Joe Bonamassa shows you his tips and tricks for soloing over a minor blues

Joe Bonamassa
(Image credit: Press)

Way back in 2003 – 20 years ago! – I recorded a collection of some of my favorite blues classics, such as B.B. King’s You Upset Me Baby, Freddie King’s Pack It Up and Muddy Waters’ Walkin’ Blues, and released the album Blues Deluxe, which went on to become one of my most well-known recordings. I recently got to work on recording its followup, aptly titled, Blues Deluxe Vol. 2, on which I cover another handful of some of my all-time favorite blues songs. 

One of the tunes we covered is a somewhat less well-known but no less brilliant Bobby “Blue” Bland track, Twenty-Four Hour Blues. Bobby has always been one of my favorite singers, bandleaders, arrangers and songwriters, and he also recorded a handful of incredible albums with his close friend B.B. King.

It was B.B. that encouraged Bobby to become a solo artist, and some of the records they made together, like Let the Good Times Roll and the classic live albums, Together for the First Time Live and Together Again Live, remain among my favorite blues records. I wish I had a time machine so that I could go back and see those concerts from the ’70s! 

Twenty-Four Hour Blues is a minor blues, which I play in the key of G minor. The original recording, cut during the sessions for the 1974 album, Dreamer, featured an all-star band based on the West Coast, with Larry Carlton on guitar, whose playing is, of course, spectacular.

The groove is slow and funky, in 44 meter, along the lines of FIGURE 1. The example illustrates two bars of Gm followed by two bars of Cm, with accented chord hits on beat 2 and a “connecting” single-note phrase across beats 3 and 4. 

(Image credit: Future)

The tune begins with a very cool intro, approximated here in FIGURE 2. A single-note melody is played over Eb/F to Cm to Gm and initially gives the impression that it could be based on either the Bb major pentatonic scale (Bb, C, D, F, G) or its relative minor, G minor pentatonic (G, Bb, C, D, F). Once the Gm chord hits, it’s clear that the song is rooted in the key of G minor.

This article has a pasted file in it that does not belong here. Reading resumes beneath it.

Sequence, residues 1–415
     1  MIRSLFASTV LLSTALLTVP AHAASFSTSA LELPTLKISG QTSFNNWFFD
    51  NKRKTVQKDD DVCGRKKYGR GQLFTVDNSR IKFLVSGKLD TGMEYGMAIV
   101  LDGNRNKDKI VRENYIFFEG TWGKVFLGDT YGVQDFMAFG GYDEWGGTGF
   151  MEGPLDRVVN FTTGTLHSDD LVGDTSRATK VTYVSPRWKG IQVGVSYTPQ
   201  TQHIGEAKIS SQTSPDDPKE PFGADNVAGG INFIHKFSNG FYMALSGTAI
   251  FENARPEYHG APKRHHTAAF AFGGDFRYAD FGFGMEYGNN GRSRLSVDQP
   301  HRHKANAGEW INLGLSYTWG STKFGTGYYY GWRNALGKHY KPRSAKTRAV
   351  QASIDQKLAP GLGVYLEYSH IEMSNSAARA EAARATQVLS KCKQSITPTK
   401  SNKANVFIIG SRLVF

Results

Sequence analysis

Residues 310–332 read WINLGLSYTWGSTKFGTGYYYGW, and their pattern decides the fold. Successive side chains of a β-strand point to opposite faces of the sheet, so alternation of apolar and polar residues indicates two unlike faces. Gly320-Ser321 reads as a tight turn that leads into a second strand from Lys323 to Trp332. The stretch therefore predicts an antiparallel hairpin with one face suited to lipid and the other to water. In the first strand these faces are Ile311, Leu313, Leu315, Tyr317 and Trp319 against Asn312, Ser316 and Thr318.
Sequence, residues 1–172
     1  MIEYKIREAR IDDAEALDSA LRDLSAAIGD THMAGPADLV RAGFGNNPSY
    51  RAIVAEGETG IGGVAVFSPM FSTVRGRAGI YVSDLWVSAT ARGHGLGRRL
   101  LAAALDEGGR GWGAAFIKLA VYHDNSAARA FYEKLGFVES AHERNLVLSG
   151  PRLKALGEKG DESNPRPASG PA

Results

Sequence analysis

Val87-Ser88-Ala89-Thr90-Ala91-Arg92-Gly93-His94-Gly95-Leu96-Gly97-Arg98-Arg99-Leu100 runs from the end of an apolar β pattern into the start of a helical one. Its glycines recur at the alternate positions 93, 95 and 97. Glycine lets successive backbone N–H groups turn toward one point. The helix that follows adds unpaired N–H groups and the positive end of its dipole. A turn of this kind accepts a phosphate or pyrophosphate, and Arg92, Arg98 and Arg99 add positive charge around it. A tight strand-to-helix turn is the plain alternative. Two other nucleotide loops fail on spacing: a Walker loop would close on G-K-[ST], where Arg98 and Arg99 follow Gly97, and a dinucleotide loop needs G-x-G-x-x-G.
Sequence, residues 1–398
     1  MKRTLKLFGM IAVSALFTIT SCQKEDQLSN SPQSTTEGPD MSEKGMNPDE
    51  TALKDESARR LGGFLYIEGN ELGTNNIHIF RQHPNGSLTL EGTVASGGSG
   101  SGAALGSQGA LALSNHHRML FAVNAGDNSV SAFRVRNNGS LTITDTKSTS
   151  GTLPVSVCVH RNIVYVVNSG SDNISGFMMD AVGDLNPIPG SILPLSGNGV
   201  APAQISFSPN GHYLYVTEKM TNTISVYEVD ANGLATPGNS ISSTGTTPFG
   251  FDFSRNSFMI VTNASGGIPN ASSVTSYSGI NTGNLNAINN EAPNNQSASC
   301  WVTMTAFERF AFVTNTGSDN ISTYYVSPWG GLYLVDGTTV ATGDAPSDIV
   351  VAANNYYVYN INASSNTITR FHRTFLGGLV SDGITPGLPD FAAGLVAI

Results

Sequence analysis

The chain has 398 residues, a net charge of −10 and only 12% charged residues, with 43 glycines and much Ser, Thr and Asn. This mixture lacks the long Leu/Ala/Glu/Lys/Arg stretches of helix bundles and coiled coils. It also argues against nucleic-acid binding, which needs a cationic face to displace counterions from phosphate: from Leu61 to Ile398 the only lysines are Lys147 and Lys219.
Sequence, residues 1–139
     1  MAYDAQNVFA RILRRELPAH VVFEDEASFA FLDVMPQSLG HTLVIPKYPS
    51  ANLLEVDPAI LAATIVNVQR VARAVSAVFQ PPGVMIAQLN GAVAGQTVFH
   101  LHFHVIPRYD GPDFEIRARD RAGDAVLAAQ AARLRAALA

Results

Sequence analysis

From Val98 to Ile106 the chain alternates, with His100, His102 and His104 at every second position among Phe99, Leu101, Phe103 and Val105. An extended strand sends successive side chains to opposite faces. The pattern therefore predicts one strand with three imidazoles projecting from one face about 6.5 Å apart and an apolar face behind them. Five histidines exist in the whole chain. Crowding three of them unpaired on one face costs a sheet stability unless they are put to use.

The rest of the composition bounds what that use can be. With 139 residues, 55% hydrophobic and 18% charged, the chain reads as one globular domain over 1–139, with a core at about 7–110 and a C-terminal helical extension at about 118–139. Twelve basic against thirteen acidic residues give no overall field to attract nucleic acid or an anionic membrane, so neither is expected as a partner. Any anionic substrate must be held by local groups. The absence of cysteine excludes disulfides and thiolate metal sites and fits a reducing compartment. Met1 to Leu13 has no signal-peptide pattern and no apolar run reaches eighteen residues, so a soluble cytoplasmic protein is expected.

(Image credit: Future)

When playing a minor blues, I love to explore licks and phrases on the bottom three strings, as I feel I can get into some very emotive and expressive lines in the lower register.

In FIGURE 3, the lines are based on the G blues scale (G, Bb, C, Db, D, F), with the inclusion of the 2nd, A. In FIGURE 4, I build on these types of melodic lines as I move up to the higher strings and upper register before working my way all the way back down by the end of the phrase.

(Image credit: Future)

There is one riff I did on the solo for the track that I will not try to recreate for this column because I wouldn’t be able to if my life depended upon it!

It was a “stream of consciousness” thing that I somehow stuck the landing on, though if I tried to replicate it now, I wouldn’t even make the podium!

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Joe Bonamassa

Joe Bonamassa is one of the world’s most popular and successful blues-rock guitarists – not to mention a top producer and de facto ambassador of the blues (and of the guitar in general).